A popular Near North Side bar is among 11 venues across the country cited for alleged copyright infringement, the American Society of Composers, Authors and Publishers announced Thursday.
According to the official statement from ASCAP, Joe’s on Weed St. is among 11 venues which will be sued for copyright infringement, the Chicago Sun-Times is reporting.
Legal action has been initiated “against bars and restaurants nationwide, arising out of the unauthorized public performance of its members’ copyrighted musical works,” ASCAP said.
“… each of the establishments sued today has decided to use music without compensating songwriters. By filing these actions, ASCAP is standing up for songwriters whose creative work brings great value to all businesses that publicly perform their music,” ASCAP executive vice president of licensing Vincent Candilora said in the statement.
A spokesperson for Joe’s on Weed St. had “no comment” when reached Thursday by the Sun-Times.
Here is the list of venues cited:
Bolton Street Tavern (Marlborough, MA)
Casa Calabria at the Ocean Manor Resort (Ft. Lauderdale, FL)
Club Skye (Tampa, FL)
Far West (Dallas)
Joe’s on Weed Street (Chicago)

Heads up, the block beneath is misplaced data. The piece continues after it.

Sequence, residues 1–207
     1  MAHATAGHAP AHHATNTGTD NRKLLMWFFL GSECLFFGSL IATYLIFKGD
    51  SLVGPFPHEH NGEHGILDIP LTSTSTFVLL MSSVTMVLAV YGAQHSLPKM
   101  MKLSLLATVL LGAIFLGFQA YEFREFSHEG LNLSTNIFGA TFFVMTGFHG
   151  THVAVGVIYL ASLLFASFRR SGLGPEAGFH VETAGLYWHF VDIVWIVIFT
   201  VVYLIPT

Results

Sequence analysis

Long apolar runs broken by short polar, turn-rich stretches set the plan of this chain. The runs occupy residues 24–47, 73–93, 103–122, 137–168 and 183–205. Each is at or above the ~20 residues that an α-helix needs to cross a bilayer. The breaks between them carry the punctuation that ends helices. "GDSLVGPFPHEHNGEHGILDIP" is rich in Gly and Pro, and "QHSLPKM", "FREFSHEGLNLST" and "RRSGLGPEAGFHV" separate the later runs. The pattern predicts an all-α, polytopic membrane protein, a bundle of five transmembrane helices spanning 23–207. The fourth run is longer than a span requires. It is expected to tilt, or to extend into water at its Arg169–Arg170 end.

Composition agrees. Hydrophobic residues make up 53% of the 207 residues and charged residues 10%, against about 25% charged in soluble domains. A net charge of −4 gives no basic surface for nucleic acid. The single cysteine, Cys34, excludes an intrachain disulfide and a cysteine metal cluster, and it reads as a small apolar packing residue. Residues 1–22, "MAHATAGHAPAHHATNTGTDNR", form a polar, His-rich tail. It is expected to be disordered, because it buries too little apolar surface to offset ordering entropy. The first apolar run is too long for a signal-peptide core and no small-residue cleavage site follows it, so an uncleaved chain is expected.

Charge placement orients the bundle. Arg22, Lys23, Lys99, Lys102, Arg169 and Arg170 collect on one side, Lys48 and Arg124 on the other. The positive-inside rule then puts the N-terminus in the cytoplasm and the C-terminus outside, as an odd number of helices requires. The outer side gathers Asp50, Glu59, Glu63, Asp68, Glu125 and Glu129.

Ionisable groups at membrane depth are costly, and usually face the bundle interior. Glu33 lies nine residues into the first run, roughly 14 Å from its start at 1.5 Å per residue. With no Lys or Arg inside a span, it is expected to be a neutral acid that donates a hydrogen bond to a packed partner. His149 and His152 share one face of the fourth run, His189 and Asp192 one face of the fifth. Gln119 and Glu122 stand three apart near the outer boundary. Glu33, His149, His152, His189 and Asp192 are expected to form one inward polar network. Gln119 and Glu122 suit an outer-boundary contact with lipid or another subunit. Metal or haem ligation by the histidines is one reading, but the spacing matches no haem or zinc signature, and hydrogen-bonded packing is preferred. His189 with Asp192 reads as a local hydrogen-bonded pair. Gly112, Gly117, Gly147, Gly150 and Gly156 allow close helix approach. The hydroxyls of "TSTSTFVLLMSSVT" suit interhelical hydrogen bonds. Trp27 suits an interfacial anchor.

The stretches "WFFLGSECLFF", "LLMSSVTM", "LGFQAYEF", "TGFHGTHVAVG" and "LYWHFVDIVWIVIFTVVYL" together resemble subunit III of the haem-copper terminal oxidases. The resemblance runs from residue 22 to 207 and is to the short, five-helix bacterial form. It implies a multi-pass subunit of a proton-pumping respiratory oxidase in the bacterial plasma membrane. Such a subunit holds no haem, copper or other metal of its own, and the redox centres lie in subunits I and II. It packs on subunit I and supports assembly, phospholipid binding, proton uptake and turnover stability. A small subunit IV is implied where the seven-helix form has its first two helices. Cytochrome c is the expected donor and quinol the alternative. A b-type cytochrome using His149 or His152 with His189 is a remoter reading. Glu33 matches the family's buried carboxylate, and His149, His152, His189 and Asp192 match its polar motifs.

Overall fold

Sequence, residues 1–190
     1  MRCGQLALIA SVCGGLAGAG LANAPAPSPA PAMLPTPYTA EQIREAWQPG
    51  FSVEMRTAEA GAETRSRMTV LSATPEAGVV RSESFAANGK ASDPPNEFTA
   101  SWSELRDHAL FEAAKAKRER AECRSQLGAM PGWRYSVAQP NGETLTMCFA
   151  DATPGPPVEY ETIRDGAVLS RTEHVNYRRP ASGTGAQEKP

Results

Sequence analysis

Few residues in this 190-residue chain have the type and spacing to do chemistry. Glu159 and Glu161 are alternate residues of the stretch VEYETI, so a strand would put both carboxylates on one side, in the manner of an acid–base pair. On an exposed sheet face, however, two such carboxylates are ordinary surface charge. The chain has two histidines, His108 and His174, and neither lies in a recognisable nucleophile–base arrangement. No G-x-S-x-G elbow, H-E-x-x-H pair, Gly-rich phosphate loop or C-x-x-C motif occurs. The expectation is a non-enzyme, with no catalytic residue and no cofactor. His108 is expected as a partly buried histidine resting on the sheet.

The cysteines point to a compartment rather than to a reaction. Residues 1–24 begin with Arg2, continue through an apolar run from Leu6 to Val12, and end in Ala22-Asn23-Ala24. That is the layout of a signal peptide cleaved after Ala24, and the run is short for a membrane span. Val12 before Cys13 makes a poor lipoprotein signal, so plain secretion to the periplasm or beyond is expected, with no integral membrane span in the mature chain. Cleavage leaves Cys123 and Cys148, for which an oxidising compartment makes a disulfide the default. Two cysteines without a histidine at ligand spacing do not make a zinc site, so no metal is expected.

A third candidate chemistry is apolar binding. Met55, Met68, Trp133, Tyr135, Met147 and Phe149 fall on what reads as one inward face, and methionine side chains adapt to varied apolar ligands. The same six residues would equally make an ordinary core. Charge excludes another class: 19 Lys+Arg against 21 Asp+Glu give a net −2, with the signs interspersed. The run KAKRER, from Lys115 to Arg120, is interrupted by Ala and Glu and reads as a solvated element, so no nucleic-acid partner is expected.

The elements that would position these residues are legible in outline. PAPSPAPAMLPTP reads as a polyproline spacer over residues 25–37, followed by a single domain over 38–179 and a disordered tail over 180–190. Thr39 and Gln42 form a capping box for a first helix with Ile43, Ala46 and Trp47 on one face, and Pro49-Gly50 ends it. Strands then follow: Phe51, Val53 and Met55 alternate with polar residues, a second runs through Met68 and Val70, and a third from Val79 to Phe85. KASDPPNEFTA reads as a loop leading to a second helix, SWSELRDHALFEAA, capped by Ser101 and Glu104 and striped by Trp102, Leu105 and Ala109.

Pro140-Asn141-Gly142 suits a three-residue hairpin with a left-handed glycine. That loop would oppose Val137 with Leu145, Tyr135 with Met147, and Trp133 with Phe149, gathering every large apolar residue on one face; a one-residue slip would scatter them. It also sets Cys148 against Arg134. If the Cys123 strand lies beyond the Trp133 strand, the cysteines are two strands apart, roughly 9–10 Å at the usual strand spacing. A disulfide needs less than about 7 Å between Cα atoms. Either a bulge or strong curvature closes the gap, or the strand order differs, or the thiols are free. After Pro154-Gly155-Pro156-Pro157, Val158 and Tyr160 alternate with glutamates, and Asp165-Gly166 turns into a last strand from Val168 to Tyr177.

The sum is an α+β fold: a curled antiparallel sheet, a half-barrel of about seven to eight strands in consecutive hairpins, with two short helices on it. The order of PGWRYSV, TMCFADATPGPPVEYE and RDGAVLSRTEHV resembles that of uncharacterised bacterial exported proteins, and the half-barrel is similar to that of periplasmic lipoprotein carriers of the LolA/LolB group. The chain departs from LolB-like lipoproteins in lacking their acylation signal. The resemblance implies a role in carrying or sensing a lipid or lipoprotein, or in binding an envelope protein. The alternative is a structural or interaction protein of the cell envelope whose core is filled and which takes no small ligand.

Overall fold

Jones Creek Café & Oyster Bar (Baton Rouge, LA)
Louie’s Lakehouse (Southwick, MA)
Shamrock (New Orleans)
The Airport Lounge (Milwaukee)
The Barking Dog (Bethesda, MD)
The Greene Turtle (Aberdeen, MD)
Other Chicago-area venues have been sued by ASCAP in the past for similar allegations. Lawsuits claiming copyright infringement were filed in 2015 against Fatpour in Wicker Park and Kirkwood Bar in Lake View. In February 2016, Sony and BMI filed a copyright infringement lawsuit against Piece Brewery & Pizzeria in Wicker Park.
Thursday’s ASCAP statement went on to say:
“Any business using copyrighted music has the opportunity to obtain permission to do so lawfully through a simple license, which covers the entire ASCAP repertory of over 10.5 million musical works. The average cost for bars and restaurants amounts to less than just $2 per day for the right to play an unlimited amount of music.”
ASCAP represents more than 625,000 independent songwriters, composers and music publishers. Licensing fees are paid out as royalties.